Institute of Regenerative Sports Medicine in Fort Lauderdale

A2M

Alpha-2-Macroglobulin (A2M) is a naturally occurring molecule that exists in your blood. It is the largest non-immunoglobulin protein in blood plasma. This protein is synthesized mainly in the liver, but it can also be produced locally by macrophages (immune cells).

While it is naturally occurring and protective of the human body, its large molecular size and complex nature limits its ability to travel to a joint or to a spinal disc space. Not enough natural A2M is present in the synovial fluid of a joint in order to inactivate the high concentrations of catabolic (destructive) factors found in osteoarthritis.

Alpha-2-Macroglobulin acts as an anti-protease, meaning it stops or slows down the breakdown of proteins. It functions as an inhibitor of blood clot breakdown (fibrinolysis) by inhibiting plasmin and kallikrein. A2M may also act as a carrier protein, because it also binds to numerous growth factors and cytokines – such as platelet-derived growth factor (PDGF), basic fibroblast growth factor (FGF), transforming growth factor beta (TGF-B), insulin, and interleukin 1B (IL-1B).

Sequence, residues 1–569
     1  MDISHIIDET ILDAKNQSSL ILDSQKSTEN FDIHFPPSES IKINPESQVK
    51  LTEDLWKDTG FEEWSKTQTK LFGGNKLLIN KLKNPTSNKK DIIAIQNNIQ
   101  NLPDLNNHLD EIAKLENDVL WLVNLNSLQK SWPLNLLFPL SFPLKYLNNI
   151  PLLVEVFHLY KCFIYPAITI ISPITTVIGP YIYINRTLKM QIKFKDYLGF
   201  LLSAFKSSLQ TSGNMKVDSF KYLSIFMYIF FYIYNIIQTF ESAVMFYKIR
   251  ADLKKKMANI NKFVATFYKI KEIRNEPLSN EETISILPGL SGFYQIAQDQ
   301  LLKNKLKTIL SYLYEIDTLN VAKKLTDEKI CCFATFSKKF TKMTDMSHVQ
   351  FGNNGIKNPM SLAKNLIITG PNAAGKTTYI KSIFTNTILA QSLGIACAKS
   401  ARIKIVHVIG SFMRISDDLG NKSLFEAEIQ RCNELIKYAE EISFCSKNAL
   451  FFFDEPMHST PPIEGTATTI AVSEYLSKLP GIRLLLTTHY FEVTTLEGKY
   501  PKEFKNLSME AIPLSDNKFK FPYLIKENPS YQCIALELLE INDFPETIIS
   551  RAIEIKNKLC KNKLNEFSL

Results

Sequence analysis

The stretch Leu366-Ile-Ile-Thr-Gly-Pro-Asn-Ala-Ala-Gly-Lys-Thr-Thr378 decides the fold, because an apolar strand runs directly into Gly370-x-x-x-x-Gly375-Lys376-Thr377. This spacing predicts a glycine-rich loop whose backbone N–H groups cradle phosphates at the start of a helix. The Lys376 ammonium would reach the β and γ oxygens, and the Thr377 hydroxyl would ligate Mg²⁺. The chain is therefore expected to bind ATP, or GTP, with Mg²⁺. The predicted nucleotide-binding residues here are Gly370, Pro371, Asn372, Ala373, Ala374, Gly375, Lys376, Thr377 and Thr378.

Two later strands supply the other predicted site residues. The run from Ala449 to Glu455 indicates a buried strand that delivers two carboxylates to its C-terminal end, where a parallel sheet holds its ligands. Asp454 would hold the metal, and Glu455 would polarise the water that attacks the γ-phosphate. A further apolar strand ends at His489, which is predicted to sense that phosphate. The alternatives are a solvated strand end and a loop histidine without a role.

Findings suggest that treatment with supplemental joint injections with A2M helps protect the existing cartilage in post-traumatic osteoarthritis and other types of arthritis. Alpha-2-Macroglobulin includes two areas that bind and capture proteases, which are destructive enzymes. After the binding process is complete, the A2M molecules are eliminated from the body via natural bodily processes.

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